Sneaky subscriptions are plaguing the App Store

Subscriptions have become a booming business for app developers, who represent $ 10.6 billion in consumer spending in the App Store in 2017, and are ready to grow to $ 75.7 billion by 2022. But Along with this healthy growth, several scammers are now taking advantage of subscriptions to trick users into enrolling in costly and recurring plans. They do this by intentionally confusing users with the design and flow of their application, making promises of "free trials" that become only a matter of days, and other deceptive tactics.

Apple will soon have an influx of consumer complaints on their hands if they do not reign in these scammers more quickly.

However, the company's focus in recent times has been more focused on getting developers to test subscriptions, even holding "secret" meetings where it evangelizes the business model that is making a lot of money for developers (and therefore to Apple). Meanwhile, a good number of bad actor applications have been allowed to thrive.

The applications of higher collection of utilities are the worst criminals

Today, most of the applications of higher collection in Apple's App Store They are streaming services, dating sites, entertainment applications or games. But when you overcome the market leaders (applications such as Fortnite, Netflix, Pandora, Tinder, Hulu, etc.) and you fall into the top hundred in the Top Grossing box, another type of application appears: Utilities.

How are the applications? As readers of QR codes, document scanners, translators and weather applications that accumulate so much money? Especially when some of its utilitarian functions can be found elsewhere for much less, or even for free?

This raises the question of whether some application developers are trying to scam users of the App Store through subscriptions.

We & # 39; In many cases, it seems that this seems to be true.

After reading the critical reviews of major utilities, you will find customers complaining that the applications are too aggressive to push subscriptions (for example, through constant warnings). ), offer little functionality without updating, do not provide transparency on how free trials work and make it difficult to stop subscription payments, among other things.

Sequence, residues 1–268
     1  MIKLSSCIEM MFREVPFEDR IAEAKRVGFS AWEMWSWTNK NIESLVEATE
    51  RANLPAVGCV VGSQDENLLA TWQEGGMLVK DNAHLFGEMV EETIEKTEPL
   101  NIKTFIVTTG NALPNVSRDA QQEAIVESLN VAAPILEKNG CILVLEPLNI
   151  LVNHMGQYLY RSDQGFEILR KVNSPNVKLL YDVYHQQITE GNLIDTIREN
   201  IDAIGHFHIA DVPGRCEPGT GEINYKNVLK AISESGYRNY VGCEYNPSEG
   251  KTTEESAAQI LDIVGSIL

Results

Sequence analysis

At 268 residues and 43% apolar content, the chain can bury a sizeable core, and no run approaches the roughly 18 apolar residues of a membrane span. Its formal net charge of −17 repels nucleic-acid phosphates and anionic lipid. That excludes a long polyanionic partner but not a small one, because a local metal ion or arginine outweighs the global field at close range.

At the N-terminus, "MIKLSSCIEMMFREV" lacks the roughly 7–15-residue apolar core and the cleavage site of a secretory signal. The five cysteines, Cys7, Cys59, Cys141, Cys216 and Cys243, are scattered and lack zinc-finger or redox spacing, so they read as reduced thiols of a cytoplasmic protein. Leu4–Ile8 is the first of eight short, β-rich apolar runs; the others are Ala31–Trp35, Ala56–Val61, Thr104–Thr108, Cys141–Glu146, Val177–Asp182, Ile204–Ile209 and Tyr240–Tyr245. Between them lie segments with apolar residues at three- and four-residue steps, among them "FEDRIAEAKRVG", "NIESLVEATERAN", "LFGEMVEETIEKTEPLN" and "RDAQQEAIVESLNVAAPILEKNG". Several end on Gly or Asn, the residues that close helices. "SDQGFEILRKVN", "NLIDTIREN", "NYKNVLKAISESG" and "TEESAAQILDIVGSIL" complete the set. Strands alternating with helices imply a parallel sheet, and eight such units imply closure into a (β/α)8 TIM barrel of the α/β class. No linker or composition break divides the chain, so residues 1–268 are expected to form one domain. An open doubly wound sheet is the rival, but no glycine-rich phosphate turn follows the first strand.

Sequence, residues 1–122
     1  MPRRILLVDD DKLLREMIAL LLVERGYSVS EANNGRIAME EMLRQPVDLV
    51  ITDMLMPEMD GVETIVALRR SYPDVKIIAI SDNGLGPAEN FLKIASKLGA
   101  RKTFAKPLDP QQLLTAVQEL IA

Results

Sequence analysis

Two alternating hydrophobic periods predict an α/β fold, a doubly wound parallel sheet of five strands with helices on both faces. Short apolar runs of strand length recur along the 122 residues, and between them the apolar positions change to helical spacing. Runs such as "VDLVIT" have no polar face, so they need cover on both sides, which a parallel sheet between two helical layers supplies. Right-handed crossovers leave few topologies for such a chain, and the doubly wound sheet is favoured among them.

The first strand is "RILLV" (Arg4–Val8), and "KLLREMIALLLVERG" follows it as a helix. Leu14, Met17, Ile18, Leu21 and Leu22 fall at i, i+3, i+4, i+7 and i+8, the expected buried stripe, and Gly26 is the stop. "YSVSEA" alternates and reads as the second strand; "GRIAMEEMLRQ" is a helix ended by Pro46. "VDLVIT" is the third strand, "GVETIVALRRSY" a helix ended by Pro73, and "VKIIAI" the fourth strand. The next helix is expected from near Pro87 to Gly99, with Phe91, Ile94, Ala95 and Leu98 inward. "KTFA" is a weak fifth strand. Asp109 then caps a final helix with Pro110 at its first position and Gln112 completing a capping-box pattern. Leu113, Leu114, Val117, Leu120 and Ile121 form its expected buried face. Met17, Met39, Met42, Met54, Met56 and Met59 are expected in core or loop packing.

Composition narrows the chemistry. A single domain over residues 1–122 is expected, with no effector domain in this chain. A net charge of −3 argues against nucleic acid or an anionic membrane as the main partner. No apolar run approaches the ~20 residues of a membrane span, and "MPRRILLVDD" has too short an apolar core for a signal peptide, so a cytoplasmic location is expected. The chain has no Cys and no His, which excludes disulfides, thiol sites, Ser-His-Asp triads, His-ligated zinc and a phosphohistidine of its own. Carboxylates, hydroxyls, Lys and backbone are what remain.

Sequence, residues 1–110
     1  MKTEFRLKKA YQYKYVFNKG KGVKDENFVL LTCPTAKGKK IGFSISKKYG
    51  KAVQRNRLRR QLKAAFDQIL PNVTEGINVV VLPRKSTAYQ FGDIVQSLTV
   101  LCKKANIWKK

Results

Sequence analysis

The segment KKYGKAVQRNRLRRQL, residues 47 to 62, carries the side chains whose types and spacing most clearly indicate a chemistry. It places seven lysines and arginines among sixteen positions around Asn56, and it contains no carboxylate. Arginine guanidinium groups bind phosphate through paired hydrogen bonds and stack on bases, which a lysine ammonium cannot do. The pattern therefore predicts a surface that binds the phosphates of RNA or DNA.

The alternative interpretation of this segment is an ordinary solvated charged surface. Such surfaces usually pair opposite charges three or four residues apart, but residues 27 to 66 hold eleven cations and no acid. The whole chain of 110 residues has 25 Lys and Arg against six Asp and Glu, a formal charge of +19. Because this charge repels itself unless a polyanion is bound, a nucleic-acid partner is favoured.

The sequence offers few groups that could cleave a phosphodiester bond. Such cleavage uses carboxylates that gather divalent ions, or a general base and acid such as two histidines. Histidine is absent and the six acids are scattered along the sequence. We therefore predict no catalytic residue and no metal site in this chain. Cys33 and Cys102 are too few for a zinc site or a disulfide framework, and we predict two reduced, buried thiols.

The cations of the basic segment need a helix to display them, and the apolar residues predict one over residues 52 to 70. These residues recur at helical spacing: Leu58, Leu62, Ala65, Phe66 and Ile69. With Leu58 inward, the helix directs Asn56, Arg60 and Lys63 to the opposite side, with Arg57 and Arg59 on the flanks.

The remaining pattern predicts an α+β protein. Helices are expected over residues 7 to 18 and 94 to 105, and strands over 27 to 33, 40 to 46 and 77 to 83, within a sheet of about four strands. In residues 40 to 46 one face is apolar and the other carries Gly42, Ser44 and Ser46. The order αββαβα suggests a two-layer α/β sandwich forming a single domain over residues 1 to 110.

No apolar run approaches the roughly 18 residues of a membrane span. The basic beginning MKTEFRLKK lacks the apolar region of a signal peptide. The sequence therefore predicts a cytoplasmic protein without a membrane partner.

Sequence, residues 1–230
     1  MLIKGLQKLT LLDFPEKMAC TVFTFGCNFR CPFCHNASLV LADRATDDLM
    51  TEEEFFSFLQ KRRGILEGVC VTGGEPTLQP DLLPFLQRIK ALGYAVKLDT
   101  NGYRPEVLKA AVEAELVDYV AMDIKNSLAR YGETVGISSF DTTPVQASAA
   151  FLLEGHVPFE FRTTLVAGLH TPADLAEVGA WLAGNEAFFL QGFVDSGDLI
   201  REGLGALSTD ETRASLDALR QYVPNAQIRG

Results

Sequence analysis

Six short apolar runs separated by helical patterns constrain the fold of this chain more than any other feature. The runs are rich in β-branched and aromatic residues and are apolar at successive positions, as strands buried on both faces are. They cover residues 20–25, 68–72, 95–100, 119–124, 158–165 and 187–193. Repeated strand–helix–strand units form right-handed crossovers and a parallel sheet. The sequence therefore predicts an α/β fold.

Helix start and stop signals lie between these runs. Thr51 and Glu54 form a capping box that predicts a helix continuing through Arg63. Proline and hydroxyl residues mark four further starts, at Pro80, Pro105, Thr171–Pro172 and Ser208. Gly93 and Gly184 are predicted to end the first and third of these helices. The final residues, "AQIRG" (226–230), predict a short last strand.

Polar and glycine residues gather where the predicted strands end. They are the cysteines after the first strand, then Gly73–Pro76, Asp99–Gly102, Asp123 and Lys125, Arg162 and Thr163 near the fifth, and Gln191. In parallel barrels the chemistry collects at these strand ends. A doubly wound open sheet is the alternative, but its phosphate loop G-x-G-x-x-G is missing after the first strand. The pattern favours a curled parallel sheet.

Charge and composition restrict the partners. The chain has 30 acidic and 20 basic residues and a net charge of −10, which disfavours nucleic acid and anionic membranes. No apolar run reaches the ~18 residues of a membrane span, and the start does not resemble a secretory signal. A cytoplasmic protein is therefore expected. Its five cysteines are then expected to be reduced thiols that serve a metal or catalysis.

Here are some examples. This is by no means a complete list, but rather a representative list, just to illustrate the problem. A recent article by Forbes lists many more, if you're curious.

Scanner application – This application No. 69 Top Grossing is accumulating a whopping $ 14.3 million per year for its Document Scan Utility, according to Sensor Tower data. It also has an incredible amount of customer feedback: almost 340,000 to date and a 4.7 star rating of 5. That will make most customers believe that this is a good and reliable application. But when you analyze the critical reviews, you will see some valid complaints.

Click on the application and you will be constantly asked to subscribe to a subscription that goes from $ 3.99 a week up to $ 4.99. per month, or start a free trial. But the subscription after the free trial starts at after only 3 days something that is detailed in the fine print, but is often omitted. Consumers clearly do not understand what they are accepting, based on their complaints. And many of the negative reviews indicate that customers feel they were tricked into paying.

sneaky subscriptions are plaguing the app store

QR Code Reader – Forbes recently discovered that the QR Code Reader from TinyLab was fooling users with a ridiculous price of $ 156 Annual Subscription. This has now earned the application the rank of No. 220 Top Grossing in the App Store, and annual revenue of $ 5.3 million.

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QR code scanner, via Forbes

Again, this "free" application starts pressing you to start a "free trial". And again, this trial version becomes a subscription after only 3 days. Can you imagine paying $ 156 per year for scanning QR codes – something that the iPhone camera application now does natively?

Weather Alarms – Rated 4 stars after hundreds of comments, this weather alert application seems to be practical But in reality, a "dark pattern" has been used to trick users to press a button that starts a free trial or register to subscribe. And it is working, for an amount of in one million annual revenues.

A full-screen ad appears in the app, offering two buttons: try it for free or pay. The little "X" to close the ad does not even appear immediately! Users end up paying about $ 20 a month for weather alerts. That seems … excessive.

Legitimate developers have complained about this application for months, but Apple even presented it at its big screen at WWDC. (See the embedded video below.) It's amazing.)

* After speaking with Apple on this application, Weather Alarms was removed from the App Store during the weekend.

Translate Assistant – The same developer of Weather Alarms offers this real-time translation application that promises instant translations in more than 100 languages ​​and has 4.7 stars after almost 4,000 ratings.